Jihad: Principles of Leadership in War and Peace
Jihad is a term that has become universally known today. What is meant by this word, which invokes frightening images of men in masks, wearing suicide vests, brandishing automatic weapons in one hand while holding the Holy Quran in the other. Is Jihad an ongoing war directed at converting non-Muslims to Islam at the edge of the sword? Or is it an ideological movement to establish an Islamic empire stretching from the Far East to the Far West? From what we see in the nightly news, it appears humanity is headed for the sort of clash of civilizations that Samuel Huntington feared.
In reality, this is no clash between Islam and the West, or between Islam and Christianity. Were it the case, Muslims would be attacking the Christian communities in their own nations. While isolated conflicts along these lines occur, they have never been the prime focus of the Jihadist movement. What we are witnessing instead is a clash between people with power and those without. It is a conflict rooted in the history of colonialism and perceptions of present-day imperialism. It is a conflict in which religion is simply a means to an end. We must recognize this if we are to understand the true nature of the so-called "Jihad" the militant Islamists invoke and its increasingly global character.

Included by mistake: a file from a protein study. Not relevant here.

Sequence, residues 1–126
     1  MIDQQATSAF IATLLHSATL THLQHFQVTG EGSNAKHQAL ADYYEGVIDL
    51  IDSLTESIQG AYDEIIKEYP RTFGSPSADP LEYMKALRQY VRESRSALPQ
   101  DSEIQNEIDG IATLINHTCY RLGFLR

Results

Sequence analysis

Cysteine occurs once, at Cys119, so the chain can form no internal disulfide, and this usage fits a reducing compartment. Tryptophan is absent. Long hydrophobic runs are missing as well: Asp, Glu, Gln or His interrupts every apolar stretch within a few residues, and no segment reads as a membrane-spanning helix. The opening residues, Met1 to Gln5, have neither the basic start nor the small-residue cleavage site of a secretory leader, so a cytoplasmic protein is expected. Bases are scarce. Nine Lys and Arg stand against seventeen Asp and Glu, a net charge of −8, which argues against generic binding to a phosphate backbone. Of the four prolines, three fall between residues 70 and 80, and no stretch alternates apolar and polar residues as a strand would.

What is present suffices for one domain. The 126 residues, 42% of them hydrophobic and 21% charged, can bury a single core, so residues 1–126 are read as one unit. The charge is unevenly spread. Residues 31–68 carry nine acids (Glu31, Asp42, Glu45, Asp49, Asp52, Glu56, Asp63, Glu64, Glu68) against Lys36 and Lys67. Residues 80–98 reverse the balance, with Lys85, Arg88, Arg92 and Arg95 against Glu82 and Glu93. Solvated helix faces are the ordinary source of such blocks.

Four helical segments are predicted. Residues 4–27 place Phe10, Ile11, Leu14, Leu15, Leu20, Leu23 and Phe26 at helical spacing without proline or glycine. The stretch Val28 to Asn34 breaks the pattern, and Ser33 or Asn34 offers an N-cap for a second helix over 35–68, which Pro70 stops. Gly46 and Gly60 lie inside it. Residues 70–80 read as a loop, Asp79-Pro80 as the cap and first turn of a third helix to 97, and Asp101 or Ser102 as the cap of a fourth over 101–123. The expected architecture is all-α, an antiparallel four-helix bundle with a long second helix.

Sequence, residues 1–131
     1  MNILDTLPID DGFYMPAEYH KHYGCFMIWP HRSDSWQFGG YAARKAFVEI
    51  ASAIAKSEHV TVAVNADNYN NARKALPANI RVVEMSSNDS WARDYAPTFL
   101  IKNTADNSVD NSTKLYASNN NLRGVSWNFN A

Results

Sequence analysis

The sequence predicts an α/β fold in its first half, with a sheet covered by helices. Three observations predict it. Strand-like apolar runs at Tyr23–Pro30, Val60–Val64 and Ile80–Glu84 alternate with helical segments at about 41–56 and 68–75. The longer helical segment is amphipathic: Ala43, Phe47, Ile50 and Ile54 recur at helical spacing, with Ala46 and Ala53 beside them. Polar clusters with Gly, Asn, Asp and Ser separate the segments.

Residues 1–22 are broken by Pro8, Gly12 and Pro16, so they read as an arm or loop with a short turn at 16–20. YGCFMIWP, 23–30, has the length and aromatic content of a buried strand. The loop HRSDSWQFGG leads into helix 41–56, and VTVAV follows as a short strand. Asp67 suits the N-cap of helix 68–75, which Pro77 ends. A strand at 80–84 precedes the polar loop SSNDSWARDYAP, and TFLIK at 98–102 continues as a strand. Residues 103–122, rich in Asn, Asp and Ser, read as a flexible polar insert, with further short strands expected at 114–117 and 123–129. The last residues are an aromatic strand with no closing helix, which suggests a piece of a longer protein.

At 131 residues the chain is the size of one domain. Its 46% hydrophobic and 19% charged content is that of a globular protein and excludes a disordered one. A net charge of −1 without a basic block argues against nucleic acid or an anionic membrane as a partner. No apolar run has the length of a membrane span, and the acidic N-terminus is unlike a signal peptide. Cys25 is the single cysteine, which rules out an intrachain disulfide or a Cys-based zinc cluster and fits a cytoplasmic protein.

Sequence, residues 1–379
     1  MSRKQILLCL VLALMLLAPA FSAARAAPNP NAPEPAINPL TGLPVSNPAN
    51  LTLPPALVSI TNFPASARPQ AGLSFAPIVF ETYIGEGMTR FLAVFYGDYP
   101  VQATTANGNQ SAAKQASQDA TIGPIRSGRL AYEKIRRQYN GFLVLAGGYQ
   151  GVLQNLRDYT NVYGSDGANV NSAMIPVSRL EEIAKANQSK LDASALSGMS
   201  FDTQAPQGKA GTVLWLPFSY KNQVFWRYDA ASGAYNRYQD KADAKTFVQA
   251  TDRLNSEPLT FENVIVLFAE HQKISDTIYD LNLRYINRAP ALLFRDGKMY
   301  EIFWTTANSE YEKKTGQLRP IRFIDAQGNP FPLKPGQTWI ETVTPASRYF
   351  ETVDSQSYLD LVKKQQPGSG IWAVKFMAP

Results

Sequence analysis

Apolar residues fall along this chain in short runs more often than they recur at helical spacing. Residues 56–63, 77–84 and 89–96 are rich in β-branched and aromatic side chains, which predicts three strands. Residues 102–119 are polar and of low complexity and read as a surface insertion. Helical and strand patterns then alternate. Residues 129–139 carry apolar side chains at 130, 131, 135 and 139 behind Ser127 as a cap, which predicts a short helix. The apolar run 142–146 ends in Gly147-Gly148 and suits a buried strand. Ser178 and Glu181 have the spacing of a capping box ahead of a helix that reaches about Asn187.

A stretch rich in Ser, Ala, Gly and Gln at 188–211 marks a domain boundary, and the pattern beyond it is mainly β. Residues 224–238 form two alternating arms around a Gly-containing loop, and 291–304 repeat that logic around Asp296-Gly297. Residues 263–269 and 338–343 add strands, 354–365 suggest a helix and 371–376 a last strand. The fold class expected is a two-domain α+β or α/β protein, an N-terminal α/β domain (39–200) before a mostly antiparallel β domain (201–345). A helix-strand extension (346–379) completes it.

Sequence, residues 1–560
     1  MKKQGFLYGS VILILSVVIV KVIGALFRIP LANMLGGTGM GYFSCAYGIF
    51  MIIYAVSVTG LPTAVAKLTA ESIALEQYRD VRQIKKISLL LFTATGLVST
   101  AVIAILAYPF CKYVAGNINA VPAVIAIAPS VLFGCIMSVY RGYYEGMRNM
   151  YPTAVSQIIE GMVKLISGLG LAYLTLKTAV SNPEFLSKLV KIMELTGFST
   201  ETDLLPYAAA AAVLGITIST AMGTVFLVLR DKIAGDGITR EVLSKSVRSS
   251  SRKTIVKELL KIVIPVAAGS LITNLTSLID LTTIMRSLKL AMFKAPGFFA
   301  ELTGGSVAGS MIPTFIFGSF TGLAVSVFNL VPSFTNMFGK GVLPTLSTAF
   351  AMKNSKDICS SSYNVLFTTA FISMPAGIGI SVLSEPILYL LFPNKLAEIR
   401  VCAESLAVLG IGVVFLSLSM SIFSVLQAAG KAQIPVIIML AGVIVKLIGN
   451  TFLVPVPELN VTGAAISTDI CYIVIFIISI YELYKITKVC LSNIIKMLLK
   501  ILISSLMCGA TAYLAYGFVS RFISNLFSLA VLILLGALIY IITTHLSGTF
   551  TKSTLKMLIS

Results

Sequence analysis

In this book we would like to shed light on the meaning of Jihad in the traditional understanding of Islam. The concept of "holy war" does not occur in the term Jihad. Rather the meaning of combative Jihad expressed in Qur'an or hadith is simply war. That said, we will show in this presentation, that Jihad in the classical sense does not simply mean war. In fact Jihad is a comprehensive term which traditionally has been defined as composed of fourteen different aspects, only one of which involves warfare.
We will also show that the best thing Muslim moderates could do today to counter the Jihadist global strategy would be a "Jihad" of charity and good works designed for the rich Muslim nations to raise the standard of living of the poor ones.